At Toy Fair, Kids' Play Gets Wired

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By Scott Moore
Washington Post Staff Writer
Wednesday, February 20, 2008

NEW YORK -- Fact: Kids create more than 100,000 avatars each day in virtual communities such as Habbo and Club Penguin.

That startling statistic has broad implications for how kids play and what the $22 billion toy industry wants to sell them to play with. More and more, when kids "go outside to play," they're really venturing forth into increasingly sophisticated online neighborhoods, and manufacturers want a piece of that action.

At the annual Toy Fair celebration of innovation and inspiration that wraps up here today, even many of the classic toys and time-honored storylines had a whiz-bang, Internet-based interactivity. The latest Hot Wheels, once guided by hand by kids on their knees making vroom-vroom noises, now have chips that connect directly to the hotwheels.com community. Disney is expanding its Fairies franchise to an online Pixie Hollow, where girls can give each other eBracelets and hunt for Tinker Bell.

About a dozen companies are trying to follow in the footsteps of Webkinz, which has successfully sold stuffed animals that give kids a link to a virtual world with adventures, arcade games and instant messaging. In reverse, there is finally a line of cuddly plush Neopets that have hopped out of the monitor and can receive real hugs, rather than only webby ones.

Want a different virtual identity? There are games featuring cars, aliens, strong boys, frilly girls. All have safety features, such as blocking home addresses and ages, that manufacturers hope will assuage parents' fears about letting their kids go online. And there certainly are no toxins, small magnets or lead-based paints in the virtual toy world, a plus for an industry that was besieged last year by 17 product recalls covering more than 20 million items.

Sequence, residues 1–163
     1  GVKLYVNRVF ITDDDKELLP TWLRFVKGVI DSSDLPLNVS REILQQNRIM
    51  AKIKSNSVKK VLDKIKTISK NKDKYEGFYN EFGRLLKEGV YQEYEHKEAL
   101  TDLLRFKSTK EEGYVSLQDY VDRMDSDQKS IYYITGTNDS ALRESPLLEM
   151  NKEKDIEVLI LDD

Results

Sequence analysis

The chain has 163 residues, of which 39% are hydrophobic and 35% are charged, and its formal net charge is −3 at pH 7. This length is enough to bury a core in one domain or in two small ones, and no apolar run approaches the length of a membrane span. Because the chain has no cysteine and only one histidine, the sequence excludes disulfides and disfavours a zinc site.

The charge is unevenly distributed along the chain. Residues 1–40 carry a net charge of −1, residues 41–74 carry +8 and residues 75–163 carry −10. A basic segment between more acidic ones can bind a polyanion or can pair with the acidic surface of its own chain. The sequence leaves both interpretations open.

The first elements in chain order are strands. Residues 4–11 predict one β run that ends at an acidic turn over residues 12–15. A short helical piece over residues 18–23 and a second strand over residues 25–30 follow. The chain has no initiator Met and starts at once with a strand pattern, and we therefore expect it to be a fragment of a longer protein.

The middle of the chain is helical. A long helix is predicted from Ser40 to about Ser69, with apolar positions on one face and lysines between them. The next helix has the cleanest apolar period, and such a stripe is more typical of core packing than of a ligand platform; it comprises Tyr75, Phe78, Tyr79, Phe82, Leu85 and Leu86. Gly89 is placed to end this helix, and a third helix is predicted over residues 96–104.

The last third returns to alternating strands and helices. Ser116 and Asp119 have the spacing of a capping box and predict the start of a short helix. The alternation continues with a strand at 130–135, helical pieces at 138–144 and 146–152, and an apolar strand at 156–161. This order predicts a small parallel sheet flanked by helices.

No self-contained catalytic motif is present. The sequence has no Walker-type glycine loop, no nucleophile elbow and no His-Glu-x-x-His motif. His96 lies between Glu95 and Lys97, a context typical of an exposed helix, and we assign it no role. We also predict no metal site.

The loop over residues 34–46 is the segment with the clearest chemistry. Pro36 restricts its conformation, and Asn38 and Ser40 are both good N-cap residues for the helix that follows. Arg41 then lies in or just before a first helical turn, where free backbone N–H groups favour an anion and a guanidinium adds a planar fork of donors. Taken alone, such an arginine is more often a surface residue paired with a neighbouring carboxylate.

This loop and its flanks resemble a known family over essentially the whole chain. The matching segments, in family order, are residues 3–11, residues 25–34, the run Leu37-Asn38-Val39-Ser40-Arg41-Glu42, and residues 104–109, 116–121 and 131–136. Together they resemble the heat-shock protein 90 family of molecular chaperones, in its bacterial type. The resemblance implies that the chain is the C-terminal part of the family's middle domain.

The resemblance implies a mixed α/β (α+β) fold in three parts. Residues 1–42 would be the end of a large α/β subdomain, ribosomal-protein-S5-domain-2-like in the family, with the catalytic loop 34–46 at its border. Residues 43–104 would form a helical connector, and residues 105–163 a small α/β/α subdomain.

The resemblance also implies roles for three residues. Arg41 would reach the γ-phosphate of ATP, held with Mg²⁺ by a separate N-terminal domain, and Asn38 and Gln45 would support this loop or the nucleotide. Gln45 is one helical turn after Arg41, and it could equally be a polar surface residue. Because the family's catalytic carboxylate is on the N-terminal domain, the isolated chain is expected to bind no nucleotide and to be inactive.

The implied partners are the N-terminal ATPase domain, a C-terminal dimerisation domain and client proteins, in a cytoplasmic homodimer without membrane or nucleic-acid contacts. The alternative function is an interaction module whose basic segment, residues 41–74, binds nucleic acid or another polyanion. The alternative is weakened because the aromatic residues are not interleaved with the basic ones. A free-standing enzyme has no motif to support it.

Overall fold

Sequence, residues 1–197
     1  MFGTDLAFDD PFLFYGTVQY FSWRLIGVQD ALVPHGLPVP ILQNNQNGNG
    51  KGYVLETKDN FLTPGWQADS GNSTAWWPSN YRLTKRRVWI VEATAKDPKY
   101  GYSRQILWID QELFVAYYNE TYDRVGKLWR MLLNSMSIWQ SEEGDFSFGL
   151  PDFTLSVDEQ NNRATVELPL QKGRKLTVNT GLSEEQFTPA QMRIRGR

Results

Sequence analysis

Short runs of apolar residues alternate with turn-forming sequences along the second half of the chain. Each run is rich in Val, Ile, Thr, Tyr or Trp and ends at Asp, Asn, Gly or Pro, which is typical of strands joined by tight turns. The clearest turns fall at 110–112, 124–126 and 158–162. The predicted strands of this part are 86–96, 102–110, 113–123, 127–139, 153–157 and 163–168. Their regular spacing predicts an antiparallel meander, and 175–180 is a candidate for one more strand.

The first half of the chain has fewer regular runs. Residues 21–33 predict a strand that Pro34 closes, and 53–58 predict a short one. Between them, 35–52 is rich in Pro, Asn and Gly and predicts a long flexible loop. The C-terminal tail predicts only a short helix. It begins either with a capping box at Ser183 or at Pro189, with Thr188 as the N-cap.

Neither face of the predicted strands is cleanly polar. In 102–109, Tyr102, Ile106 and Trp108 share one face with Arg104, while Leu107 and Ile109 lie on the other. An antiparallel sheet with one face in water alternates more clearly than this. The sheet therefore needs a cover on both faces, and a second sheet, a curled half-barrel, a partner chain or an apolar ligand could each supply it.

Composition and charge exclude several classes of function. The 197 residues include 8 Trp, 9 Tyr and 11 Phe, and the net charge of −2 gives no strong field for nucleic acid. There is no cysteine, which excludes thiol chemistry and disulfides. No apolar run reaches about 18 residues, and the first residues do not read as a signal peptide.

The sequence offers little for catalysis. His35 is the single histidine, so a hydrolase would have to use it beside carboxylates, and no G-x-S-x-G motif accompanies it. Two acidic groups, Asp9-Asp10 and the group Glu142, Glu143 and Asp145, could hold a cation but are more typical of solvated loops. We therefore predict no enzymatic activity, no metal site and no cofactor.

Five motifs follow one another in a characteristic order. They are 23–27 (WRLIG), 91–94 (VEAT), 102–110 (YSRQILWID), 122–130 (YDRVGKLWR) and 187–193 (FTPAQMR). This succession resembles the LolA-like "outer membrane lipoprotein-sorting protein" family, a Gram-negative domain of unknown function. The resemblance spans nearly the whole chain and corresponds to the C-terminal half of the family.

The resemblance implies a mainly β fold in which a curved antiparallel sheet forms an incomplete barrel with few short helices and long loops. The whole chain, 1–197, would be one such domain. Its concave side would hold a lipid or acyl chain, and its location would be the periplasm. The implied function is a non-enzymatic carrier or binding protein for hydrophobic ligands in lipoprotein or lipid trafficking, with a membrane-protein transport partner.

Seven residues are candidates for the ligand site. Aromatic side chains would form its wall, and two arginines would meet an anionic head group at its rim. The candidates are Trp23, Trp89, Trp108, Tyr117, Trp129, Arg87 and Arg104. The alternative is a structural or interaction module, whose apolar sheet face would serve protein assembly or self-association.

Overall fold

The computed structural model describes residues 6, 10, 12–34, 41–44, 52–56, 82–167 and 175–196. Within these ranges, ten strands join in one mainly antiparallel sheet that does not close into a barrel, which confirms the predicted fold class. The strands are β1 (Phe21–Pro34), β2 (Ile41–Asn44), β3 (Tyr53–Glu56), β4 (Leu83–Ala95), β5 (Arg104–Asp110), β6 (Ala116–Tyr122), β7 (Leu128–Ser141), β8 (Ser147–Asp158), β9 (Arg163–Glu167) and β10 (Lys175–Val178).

For the industry, which uses this four-day play date to hawk its current and upcoming products, here's the best-case scenario: Kids won't want to stop playing in their online worlds. With the ever-expanding child obesity problem, that also is the worst-case scenario.

IToy's ME2 (pronounced "me too," it stands for "my electronic double") grew out of a doctor's suggestion that George Irwin wear a pedometer to monitor how much exercise he was getting.

Using a pedometer, ME2 keeps track of a kid's daily steps and transfers points to an avatar's power levels. Ride your bike; earn points to buy a virtual vehicle.

"To develop this, we didn't talk to anyone over 25," said Irwin, the company's "toycoon," pointing to the game's Wii-like controller and 360-degree, 3-D animation interface. "The best research we got was from 9-, 10-, 11-, 12- and 13-year-old kids."

His brother Peter, a co-owner, has three boys ages 7 to 14 who will "sit and stare at a screen for five hours in a row. I have to drag them away from the computer. . . . We thought, if we could find a way to create a toy that would encourage kids to find an activity, even if that activity is walking, that would be great."

The ME2 is designed to be the enforcer. Want to play longer or buy online accessories? Then take a break from the virtual 3-D world. A 15-minute bike ride or 10 minutes cleaning your room will provide double benefit.

Tom and Michelle Gallop of Boulder, Colo., came up with another way to get their three children away from the screen.


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